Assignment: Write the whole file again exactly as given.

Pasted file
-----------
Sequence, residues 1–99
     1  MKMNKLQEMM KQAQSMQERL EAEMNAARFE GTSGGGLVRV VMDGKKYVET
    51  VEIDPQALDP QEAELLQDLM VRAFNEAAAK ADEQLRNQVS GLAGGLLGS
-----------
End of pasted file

Sequence, residues 1–99
     1  MKMNKLQEMM KQAQSMQERL EAEMNAARFE GTSGGGLVRV VMDGKKYVET
    51  VEIDPQALDP QEAELLQDLM VRAFNEAAAK ADEQLRNQVS GLAGGLLGS